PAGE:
Throughout the more than three decades I have been serving the direct selling channel, this has always been the most exciting time of the year for me: the run up to DSA’s Annual Meeting. In just four weeks’ time, the most knowledgeable and energetic leaders from across our industry will convene in Orlando, Florida, to strengthen and form connections and friendships and to discuss and address the limitless potential of direct selling.
I truly believe ours to be the most dynamic of all business models. DSA’s most recent industry overview factsheet, which will be unveiled at Annual Meeting, is set to show impressive numbers yet again of both sales and people involved. But while the work ethic and entrepreneurial prowess of our companies and salespeople has never been in doubt, another force has just as profound an effect on the success of our businesses: that of reputation. And nowhere is this more true than in the corridors of power, where the perception of our business model can influence actions just as easily against us as for us.
As the standard bearer for the direct selling channel, DSA makes continuous and compelling cases to government officials to shape policies that will impact our companies positively. We are tireless in our efforts, for example, to promote consumer protection legislation and preserve the independent contractor status of our salespeople. But Association initiatives achieve greater success with the active participation of members — protecting the direct selling channel over the long term is a team effort. That is why DSA is looking forward to bringing company executives together in Orlando in June: to identify how our successes, positive attributes, and contributions to society can be best leveraged in the eyes of those with the power to affect all our businesses.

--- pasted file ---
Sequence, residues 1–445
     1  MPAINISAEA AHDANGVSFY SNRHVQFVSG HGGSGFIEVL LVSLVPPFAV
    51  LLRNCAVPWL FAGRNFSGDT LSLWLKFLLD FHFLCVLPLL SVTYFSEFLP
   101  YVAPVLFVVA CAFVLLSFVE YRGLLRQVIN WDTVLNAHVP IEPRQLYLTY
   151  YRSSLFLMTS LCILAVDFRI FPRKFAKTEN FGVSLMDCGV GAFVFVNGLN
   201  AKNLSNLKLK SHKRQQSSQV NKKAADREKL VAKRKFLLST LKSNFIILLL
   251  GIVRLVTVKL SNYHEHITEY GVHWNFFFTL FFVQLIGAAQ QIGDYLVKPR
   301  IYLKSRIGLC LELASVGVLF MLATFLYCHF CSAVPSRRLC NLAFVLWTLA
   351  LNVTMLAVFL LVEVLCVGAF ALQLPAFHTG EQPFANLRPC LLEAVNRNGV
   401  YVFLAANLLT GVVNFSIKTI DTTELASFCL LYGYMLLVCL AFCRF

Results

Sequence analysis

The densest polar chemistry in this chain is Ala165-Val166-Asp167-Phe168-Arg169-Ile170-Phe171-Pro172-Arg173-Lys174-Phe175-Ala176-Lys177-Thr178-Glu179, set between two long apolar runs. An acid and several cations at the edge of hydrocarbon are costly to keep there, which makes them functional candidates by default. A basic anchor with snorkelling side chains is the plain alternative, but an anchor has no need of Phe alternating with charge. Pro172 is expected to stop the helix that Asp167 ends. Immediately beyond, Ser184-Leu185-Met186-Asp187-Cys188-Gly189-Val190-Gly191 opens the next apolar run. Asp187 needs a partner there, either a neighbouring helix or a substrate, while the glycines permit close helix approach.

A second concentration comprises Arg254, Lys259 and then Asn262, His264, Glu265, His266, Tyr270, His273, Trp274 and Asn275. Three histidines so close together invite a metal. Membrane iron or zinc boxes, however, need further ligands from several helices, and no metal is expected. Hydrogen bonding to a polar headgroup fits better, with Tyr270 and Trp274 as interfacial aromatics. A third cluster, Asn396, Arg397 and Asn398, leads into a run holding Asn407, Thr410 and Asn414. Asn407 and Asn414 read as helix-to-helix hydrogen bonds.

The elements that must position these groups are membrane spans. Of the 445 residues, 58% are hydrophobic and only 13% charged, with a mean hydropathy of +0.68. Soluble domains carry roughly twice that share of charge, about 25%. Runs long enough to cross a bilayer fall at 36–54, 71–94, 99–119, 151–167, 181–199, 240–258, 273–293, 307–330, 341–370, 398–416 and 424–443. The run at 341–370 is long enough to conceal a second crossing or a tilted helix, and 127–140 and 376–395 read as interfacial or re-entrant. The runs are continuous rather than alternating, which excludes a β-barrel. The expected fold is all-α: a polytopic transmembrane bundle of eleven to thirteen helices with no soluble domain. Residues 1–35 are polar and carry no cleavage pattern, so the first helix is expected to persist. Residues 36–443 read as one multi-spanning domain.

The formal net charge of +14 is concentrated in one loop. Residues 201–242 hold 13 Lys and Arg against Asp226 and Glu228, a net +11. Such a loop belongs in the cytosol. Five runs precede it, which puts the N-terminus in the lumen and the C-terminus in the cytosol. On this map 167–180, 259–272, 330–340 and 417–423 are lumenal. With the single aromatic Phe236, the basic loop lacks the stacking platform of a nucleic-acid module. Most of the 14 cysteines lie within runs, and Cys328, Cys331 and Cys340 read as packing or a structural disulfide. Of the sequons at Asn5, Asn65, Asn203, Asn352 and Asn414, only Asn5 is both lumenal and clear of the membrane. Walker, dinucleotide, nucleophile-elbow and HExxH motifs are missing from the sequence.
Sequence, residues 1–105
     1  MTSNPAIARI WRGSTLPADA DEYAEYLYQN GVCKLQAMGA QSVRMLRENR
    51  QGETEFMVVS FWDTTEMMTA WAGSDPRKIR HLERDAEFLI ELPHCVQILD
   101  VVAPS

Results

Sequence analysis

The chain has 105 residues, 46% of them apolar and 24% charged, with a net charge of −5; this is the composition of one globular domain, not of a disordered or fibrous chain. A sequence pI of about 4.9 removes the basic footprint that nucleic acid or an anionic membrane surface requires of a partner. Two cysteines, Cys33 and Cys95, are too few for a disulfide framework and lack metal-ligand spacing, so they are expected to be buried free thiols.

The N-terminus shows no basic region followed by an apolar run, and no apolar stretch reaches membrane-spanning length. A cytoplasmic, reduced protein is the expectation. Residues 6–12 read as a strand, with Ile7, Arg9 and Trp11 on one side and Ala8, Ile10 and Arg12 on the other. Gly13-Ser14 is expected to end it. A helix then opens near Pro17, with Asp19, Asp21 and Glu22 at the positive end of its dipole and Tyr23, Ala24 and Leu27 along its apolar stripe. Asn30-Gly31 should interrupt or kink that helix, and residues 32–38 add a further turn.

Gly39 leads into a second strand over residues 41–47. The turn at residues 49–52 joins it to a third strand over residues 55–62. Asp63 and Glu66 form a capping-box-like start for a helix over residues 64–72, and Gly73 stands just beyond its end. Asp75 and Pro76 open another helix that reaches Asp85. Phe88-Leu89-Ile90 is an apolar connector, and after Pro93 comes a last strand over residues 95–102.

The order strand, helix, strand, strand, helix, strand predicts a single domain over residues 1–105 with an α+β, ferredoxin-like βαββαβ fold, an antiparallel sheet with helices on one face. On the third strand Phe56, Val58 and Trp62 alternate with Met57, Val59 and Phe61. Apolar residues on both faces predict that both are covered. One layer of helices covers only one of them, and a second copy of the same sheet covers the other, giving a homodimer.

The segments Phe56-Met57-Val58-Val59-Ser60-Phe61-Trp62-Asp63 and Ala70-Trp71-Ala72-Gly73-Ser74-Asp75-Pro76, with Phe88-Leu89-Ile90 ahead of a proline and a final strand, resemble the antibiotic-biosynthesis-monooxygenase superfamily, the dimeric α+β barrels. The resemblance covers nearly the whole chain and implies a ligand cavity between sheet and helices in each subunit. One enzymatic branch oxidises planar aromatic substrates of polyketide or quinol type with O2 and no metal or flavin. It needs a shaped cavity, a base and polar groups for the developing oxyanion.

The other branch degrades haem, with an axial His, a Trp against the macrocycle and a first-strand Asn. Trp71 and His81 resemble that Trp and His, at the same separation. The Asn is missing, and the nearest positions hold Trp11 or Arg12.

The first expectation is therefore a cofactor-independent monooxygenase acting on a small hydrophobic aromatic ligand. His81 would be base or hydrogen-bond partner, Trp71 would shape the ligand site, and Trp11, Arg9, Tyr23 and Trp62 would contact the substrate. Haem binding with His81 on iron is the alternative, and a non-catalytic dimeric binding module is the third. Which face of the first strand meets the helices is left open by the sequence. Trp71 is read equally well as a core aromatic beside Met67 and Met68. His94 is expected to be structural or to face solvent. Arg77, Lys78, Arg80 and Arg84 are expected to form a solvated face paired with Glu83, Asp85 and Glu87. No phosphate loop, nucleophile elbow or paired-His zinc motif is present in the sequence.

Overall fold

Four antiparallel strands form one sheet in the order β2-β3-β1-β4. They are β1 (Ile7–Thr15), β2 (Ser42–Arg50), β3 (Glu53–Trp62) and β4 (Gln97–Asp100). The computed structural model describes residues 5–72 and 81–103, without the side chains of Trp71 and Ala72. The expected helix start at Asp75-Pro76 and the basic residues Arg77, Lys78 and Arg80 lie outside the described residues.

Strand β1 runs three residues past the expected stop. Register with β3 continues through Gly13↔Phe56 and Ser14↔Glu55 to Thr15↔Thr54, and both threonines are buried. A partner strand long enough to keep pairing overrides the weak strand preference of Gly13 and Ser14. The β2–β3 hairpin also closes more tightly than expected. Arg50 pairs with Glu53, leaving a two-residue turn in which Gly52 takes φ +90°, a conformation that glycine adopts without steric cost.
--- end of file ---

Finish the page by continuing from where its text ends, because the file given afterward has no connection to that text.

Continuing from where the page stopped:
I’ve spoken long and vociferously on the need to demonstrate our commitment to ethical business practices and consumer protection, and I will always do so. But just as important to our reputation and the perception policymakers have of our business model are the actions DSA member companies are taking to put a human face on the business model. The clout carried by DSA is in direct proportion to the excellent name of its members — engendered by sound corporate values, the opportunities we offer, the enrichment we provide, the taxes we generate, and the community and charitable contributions we make.
DSA has invited policymakers and government leaders to our Annual Meeting to learn more about us and also to share their thoughts on direct selling and how all parties might more effectively collaborate for the better good of our customers and salespeople. We have also invited Jonah Berger, Associate Professor of Marketing at the University of Pennsylvania; Amanda Gore, an internationally renowned expert on behavior; and “Zen Master of Marketing” Shama Hyder to discuss brand and image perception as well as change and engagement strategies so that DSA members can leverage their positives to help determine the regulatory framework that will shape our future.
Public Policy is not something that is “done” only during time of crisis, as damage control. Direct sellers must build and maintain a continuous and effective dialogue with their elected representatives and government officials. A changing political and commercial environment presents myriad challenges to direct selling companies; these we must overcome together. DSA’s Annual Meeting in June will be the forum for us to celebrate the contributions we make and to set our collective strategies for conveying the value of direct selling in a way that resonates with policymakers and their constituents. I greatly look forward to seeing you in Orlando. Please visit annualmeeting.dsa.org to learn more.
Click here to order the May 2017 issue in which this article appeared.
Joseph N. Mariano is President of the U.S. Direct Selling Association and the Direct Selling Education Foundation.